How popular is the allotment garden?  “From the construction worker to the judge, everyone participates.”

How popular is the allotment garden? “From the construction worker to the judge, everyone participates.”

“We are seeing a growing interest in allotments among all levels of society,” says Herman Vroklage of the umbrella organization of the General Association of Allotment Gardeners in the Netherlands (AVVN). “In recent years we have seen an increase in the number of academics and people working in office jobs who like to get their feet in the mud.”

Retired man

According to Froklage, the image of gardening in a dedicated garden has changed over the years. “When you talked about a gardener, you imagined a retired man, or poor families growing tomatoes and zucchini to eat themselves. It's different now. A gardener can now be anyone.”

“Dedicated gardeners can be a nurse, a construction worker, a judge or a doctor,” he says. Els de Wit from the Gardeners' Association, responsible for 6,000 plots in 29 sites in and around Amsterdam. “The nice thing about this is that you often don't know what kind of work the other person is doing. Because you're all walking around in your old clothes. And in the dedicated garden you're just the dedicated gardener.”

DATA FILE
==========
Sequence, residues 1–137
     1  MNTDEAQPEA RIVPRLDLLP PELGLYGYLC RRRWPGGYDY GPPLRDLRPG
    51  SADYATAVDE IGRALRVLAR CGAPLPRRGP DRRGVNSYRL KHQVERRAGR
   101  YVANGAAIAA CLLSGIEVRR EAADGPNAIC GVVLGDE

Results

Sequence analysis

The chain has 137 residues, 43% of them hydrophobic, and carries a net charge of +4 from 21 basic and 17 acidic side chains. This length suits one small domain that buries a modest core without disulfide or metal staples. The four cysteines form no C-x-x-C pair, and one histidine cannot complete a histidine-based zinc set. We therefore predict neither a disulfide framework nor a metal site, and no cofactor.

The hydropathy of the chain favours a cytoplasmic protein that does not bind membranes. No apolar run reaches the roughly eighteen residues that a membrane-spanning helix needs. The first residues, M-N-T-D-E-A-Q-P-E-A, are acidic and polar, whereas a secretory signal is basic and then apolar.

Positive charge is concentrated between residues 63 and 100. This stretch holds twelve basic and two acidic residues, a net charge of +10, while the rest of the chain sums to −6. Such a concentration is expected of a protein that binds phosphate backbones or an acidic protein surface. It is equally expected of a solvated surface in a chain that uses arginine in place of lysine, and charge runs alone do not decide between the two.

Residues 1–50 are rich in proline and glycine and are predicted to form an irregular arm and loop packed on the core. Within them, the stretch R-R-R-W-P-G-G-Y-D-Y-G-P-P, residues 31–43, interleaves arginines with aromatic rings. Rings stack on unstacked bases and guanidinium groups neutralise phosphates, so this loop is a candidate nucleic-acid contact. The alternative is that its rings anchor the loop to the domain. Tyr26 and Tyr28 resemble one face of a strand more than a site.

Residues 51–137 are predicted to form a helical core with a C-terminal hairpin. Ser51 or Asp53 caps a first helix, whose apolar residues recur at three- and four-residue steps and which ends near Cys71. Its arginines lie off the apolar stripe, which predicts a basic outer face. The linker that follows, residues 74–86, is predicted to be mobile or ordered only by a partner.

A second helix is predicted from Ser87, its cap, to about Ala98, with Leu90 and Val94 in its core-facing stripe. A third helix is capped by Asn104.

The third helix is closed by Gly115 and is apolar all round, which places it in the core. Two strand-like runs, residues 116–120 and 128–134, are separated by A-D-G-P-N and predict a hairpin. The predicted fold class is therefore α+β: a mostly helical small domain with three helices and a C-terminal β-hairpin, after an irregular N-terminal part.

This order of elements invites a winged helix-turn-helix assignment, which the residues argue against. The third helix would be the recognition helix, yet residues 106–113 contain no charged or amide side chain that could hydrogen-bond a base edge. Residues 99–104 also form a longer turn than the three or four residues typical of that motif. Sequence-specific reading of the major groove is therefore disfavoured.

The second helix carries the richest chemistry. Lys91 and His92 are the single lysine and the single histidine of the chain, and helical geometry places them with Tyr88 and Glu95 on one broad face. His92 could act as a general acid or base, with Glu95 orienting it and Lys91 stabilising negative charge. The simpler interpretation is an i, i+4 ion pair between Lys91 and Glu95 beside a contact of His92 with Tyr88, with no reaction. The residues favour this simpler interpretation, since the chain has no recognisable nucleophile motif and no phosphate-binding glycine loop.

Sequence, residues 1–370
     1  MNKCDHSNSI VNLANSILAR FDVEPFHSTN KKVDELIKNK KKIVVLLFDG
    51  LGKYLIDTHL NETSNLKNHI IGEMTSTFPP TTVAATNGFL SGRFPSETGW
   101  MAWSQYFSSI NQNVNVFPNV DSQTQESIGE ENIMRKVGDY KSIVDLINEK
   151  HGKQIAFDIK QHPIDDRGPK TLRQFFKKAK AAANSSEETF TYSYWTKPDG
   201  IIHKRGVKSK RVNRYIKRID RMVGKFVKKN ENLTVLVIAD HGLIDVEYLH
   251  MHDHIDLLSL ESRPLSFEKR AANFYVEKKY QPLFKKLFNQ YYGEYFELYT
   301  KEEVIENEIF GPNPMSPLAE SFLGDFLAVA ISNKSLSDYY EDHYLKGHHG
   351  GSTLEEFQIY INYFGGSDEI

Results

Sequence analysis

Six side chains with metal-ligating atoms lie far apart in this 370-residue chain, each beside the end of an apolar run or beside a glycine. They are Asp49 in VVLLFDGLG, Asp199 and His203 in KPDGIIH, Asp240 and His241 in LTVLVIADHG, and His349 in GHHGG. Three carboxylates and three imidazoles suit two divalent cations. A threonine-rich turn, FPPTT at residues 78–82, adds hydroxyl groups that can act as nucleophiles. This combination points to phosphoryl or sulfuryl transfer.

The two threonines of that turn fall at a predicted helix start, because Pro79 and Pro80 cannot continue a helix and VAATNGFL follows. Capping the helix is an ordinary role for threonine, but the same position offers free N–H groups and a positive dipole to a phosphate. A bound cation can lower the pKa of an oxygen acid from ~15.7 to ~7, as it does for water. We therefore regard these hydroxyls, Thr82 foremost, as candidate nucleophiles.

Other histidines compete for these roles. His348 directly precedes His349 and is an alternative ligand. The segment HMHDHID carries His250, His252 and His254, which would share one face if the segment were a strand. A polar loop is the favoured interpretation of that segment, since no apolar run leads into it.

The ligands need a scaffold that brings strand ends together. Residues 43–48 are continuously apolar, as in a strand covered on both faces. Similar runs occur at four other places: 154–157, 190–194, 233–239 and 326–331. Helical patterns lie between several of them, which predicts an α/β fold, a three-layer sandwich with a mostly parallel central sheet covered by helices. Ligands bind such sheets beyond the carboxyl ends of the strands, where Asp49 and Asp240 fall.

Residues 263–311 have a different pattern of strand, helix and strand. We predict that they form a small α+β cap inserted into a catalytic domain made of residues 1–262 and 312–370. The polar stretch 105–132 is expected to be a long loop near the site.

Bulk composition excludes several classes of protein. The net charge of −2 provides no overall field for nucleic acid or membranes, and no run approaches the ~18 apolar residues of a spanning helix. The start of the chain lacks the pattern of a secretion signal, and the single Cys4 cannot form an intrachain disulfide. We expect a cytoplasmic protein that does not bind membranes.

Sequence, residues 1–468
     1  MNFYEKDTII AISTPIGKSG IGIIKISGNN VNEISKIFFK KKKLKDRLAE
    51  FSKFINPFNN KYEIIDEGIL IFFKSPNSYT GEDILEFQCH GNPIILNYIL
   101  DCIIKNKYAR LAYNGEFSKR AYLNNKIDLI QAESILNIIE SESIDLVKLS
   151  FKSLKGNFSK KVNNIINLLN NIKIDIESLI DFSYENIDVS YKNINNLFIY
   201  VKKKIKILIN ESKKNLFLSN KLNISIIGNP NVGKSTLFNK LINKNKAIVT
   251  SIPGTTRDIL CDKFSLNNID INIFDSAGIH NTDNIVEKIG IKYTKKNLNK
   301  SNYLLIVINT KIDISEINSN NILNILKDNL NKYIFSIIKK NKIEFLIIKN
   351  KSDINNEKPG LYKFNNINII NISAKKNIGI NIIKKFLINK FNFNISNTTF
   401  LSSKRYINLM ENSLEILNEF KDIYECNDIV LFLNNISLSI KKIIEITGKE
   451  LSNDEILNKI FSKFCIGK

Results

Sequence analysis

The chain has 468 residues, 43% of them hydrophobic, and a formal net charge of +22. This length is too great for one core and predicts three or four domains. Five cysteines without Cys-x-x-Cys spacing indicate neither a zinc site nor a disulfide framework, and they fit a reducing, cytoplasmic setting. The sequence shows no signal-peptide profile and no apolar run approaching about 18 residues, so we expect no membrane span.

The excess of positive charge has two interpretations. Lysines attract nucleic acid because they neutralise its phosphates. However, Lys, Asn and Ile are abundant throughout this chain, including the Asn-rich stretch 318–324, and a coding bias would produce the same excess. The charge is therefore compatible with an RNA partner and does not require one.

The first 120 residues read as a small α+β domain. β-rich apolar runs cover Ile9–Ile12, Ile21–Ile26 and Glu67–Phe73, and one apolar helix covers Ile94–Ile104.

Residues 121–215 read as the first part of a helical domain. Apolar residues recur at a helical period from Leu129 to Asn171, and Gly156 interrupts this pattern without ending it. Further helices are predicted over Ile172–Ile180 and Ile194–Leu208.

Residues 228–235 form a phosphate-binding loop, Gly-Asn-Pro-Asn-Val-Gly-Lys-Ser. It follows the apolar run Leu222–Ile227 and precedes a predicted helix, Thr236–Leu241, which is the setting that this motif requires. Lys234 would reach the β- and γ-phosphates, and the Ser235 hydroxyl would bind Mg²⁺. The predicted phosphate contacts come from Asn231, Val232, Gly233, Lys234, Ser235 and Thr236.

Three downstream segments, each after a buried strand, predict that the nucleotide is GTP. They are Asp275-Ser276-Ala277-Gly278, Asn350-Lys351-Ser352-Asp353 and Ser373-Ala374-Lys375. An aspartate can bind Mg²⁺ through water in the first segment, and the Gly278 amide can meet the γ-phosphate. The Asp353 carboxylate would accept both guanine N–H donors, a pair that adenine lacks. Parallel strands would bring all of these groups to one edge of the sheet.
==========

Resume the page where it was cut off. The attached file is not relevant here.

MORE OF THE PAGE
According to De Wit, the allotments are a place where people can relax when they want to escape busy life. It seems that many Amsterdam residents are interested in this. The association faces long waiting lists.

At the gardeners' association Ons Belang in Nieuwegein, they have also seen a significant change in the population of the complex in recent years. Rich young man Families now make up nearly half of the association's membership base, says board member Rob Abels. “This was much lower a few years ago.”

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According to AVVN's Vroklage, the growing popularity is due to the purpose of gardening changing over the years. “People satisfy their need to be in a natural environment by taking an allotment,” he says. “The world around us has become harder and more rigid, with more asphalt, more buildings and less nature. Young families also want to learn about nature and life in the park.”

In this video, Lisa talks about her self-sufficient backyard. She turned it into a vegetable garden where she can eat year-round.

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